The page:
News / Africa

Africa Policy Watchers Lose Hope in President Obama

President Barack Obama speaks at a departure ceremony at the airport in Accra, Ghana, July 11, 2009 (file photo).
President Barack Obama speaks at a departure ceremony at the airport in Accra, Ghana, July 11, 2009 (file photo).
Nico Colombant

While President Barack Obama spends the last year of his current term in office with many pressing issues, including trying to get re-elected, African analysts and advocates say policy toward sub-Saharan Africa ranks as a very low priority.  This has come as a disappointment to some as Obama's father was from Kenya.

While walking onto the House floor to deliver his recent 2012 State of the Union speech, President Obama told U.S. Defense Secretary Leon Panetta "great job tonight."

It was later explained the comment referred to a late night U.S. military raid into Somalia to free two hostages including an American aid worker.

But Obama's actual speech made no mention of sub-Saharan Africa whatsoever.

Kwaku Nuamah, a Ghanaian professor at American University in Washington, is not surprised.

"Africa is not big in Washington, there is no constituency that cares about Africa that much," said Nuamah.  "I did not think the traditional contours of American foreign policy were going to change because there was somebody in the White House with ties to Africa, but of course a lot of people expected that."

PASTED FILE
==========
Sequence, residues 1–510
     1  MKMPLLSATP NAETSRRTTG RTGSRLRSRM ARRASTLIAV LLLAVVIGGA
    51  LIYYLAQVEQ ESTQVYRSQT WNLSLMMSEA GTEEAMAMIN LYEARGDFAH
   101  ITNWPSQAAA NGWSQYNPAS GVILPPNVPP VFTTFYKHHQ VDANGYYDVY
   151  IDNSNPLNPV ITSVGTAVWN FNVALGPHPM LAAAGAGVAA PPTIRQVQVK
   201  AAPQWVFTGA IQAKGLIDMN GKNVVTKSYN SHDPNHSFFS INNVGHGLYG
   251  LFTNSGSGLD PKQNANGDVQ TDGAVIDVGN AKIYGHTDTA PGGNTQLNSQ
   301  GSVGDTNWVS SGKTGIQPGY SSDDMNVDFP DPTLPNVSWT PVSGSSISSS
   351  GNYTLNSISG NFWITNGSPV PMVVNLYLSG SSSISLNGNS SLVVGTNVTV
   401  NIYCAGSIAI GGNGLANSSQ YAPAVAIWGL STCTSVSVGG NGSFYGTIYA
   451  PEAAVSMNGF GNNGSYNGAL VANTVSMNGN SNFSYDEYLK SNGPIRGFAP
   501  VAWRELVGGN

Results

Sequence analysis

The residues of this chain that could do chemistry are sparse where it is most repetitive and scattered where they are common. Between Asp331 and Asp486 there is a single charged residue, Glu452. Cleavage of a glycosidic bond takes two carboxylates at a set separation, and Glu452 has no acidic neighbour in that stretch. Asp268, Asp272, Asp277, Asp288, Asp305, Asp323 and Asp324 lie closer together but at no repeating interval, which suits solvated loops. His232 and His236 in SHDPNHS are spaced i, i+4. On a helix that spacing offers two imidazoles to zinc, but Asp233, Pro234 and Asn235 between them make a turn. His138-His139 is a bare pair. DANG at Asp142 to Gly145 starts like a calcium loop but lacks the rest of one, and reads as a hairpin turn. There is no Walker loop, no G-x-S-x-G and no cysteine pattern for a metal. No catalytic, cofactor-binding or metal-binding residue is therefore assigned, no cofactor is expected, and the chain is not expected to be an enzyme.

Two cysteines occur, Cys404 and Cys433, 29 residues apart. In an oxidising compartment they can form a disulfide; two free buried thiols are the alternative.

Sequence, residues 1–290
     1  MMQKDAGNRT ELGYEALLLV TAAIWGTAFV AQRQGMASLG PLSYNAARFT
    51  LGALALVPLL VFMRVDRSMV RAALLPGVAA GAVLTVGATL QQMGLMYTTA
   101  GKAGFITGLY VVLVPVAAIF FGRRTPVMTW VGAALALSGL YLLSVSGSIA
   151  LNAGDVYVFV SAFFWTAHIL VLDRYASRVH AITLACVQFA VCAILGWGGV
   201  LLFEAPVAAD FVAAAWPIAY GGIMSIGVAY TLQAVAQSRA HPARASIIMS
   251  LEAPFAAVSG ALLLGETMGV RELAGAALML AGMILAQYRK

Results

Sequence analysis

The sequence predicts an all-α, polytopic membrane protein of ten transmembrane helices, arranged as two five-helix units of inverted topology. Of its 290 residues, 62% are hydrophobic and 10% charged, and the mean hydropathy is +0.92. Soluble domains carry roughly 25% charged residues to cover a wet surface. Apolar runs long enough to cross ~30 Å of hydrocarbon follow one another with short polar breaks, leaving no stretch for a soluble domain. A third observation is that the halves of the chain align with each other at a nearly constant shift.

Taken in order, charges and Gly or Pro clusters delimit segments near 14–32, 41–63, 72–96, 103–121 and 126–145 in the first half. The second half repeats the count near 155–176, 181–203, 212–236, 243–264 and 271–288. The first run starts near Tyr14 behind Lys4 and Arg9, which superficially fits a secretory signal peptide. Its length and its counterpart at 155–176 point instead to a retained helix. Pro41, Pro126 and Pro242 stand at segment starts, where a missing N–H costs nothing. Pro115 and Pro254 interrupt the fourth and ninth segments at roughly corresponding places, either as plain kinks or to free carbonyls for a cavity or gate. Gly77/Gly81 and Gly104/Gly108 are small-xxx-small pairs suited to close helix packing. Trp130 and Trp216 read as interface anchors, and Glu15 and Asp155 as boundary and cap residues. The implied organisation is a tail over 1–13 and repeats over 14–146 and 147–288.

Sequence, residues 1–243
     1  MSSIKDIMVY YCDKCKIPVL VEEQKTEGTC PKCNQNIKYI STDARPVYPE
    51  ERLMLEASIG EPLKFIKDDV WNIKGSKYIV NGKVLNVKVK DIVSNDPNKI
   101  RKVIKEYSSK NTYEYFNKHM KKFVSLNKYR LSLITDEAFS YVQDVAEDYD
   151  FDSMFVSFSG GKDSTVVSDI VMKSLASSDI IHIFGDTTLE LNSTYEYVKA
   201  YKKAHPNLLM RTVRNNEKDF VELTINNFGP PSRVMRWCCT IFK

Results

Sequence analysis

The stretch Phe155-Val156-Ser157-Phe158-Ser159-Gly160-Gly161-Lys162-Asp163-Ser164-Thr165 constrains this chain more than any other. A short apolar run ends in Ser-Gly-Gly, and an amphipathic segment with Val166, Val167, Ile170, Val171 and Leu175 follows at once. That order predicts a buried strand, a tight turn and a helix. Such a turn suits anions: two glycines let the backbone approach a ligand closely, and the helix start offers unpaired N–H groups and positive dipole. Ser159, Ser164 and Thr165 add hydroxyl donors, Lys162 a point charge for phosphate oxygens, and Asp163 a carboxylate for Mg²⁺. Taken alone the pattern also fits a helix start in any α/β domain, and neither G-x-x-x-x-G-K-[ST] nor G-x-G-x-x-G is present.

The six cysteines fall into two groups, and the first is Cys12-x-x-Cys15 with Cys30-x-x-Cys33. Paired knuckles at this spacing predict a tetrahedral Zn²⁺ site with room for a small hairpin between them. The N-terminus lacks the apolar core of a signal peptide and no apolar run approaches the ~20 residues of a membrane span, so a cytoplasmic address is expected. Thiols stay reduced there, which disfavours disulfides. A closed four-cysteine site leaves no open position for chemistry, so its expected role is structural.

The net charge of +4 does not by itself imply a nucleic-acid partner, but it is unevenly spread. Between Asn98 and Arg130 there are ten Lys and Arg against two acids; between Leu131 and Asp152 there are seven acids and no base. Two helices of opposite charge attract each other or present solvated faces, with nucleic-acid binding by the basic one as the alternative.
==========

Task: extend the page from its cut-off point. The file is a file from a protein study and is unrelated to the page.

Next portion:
Since making a speech in Ghana in 2009 about how the United States would hold African leaders accountable to good governance and respecting democratic institutions, President Obama has not returned to the continent.

Emira Woods from Washington-based Foreign Policy in Focus says actual change though is more important than visits and speeches.

"Wonderful words, but very much unfulfilled," said Woods.  "Those words have to be lived in terms of U.S. foreign policy and we are still waiting for them to be realized."

Woods says she feels too much attention is placed on U.S. military aid in resource rich countries, without regard to a government's record or how elections are conducted.

This includes help for Nigeria's embattled government to eliminate Islamic extremists, and assistance in autocratic-run east and central African countries to squash the roving Lord's Resistance Army.

Patrick Mubobo, a Congolese American recently protesting in front of the White House, is one of those bitterly disappointed, after the U.S. government did little following flawed 2011 elections in his native mineral-rich and heavily U.S.-assisted Democratic Republic of Congo.

"We want to tell him it is over if he does not do the right thing for Congo, for children who are crying and dying if he does not do the right thing for democracy, he can count that he has not only lost my vote, but he has lost a lot of votes," said Mubobo.

Congolese Americans at this recent protest said they had campaigned vigorously for Obama in 2008 and even rallied for his health care legislation, but that now they felt disillusioned with the way the U.S. government was dealing with Africa and Africans.

U.S. officials point to recent successes in Africa, such as helping diplomatically as South Sudan became a new country last year, giving assistance to millions of victims to overcome drought in the Horn of Africa, and pursuing major health initiatives to fight AIDS and other diseases.

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